Matthew Lieberman. New York, NY: Crown Publishing Group, 2013. 384 pp. ISBN: 9780307889102.
Social: Why our Brains are Wired to Connect is a book about how our brain and nervous system shape cognition and behavior. The book consists of twelve chapters with three main sections that cover three critical evolutionary brain adaptations that motivate us toward social connection and to form unified social groups and organizations. These adaptations are: the overlap between social and physical pain systems in the brain (connection); how we are constantly paying attention to what other people think (mindreading); and how we adapt to and are influenced by our environments and are motivated to help other people more than ourselves (harmonizing). The last three chapters of the book provide an additional section that takes the scientific discussion and roots it in practical applications for work and education.
One of the aims of this book is to introduce the idea that our brain’s primary purpose is social thinking. Overall, Lieberman presents a compelling argument for the topic. In the section on connection we are introduced to the idea that our brains are geared to social thinking, using evidence from research using brain imaging (fMRI). Lieberman found an area of the brain (the default network) that activates (has increased blood flow) when we are not actively focused on our surroundings. He found that this area activates when people are thinking about other people, themselves, or events in the past or future. The trade off when the social brain is activated is a negative correlation with activity in other parts of the brain, specifically attention systems. The opposite holds true as well. For example, students in a classroom who are really paying attention and focused on what they are doing may do so to the detriment of their social awareness. In other words, if you are not working with the people around you but are focused on what you are doing then you run the risk of alienating yourself from the group. That seems like a clear and solid explanation of why collaboration, which uses both social and analytical systems in the brain for learning, is vital.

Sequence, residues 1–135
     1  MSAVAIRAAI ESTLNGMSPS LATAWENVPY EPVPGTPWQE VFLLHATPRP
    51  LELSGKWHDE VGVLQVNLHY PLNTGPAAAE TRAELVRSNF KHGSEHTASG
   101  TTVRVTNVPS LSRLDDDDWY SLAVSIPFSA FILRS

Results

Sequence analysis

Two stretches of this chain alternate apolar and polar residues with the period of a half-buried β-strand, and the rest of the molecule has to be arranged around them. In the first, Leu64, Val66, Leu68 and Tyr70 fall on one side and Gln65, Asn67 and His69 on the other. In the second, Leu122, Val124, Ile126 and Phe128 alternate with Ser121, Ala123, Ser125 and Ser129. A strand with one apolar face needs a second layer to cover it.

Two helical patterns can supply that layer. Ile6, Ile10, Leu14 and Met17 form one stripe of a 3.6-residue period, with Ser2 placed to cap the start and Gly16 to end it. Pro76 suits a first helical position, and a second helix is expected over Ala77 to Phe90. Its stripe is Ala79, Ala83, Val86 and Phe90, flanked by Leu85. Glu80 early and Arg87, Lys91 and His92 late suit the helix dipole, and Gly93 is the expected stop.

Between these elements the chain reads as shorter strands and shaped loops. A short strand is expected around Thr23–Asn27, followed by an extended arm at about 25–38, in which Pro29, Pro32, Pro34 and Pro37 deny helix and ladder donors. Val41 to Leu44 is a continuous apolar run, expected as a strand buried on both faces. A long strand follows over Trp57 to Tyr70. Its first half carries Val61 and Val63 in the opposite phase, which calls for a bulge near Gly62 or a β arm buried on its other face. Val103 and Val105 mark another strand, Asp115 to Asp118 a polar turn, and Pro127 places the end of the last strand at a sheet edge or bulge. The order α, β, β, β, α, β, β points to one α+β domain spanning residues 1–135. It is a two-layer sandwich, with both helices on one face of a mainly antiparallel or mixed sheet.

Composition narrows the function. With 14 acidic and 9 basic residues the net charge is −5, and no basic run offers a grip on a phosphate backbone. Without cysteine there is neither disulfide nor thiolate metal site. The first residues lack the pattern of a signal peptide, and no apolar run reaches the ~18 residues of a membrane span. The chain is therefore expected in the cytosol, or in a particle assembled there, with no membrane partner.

The section on mentalizing discusses how we infer the intentions of other people through an ability that researchers have termed Theory of Mind. Lieberman discusses two systems central to Theory of Mind. The first is the mirror system, a network of neurons that activate in relation to the observable (concrete) actions of others and the mentalizing system which activates as we try to predict unseen (abstract) thoughts. Lieberman argues that our ability to understand what other people might think and, similarly, what they might feel are both critical to effective social connection and that mentalizing is the application of these abilities. Basically, Theory of Mind is a social skill that children learn as they grow up and is essential in enabling us to create harmony with others. The better we become at predicting the mental states and intentions of others, the better we will be able to respond appropriately in social interactions. In short, we learn how to move from “me” as the center of the world, to “me” in relation to everyone else in the world.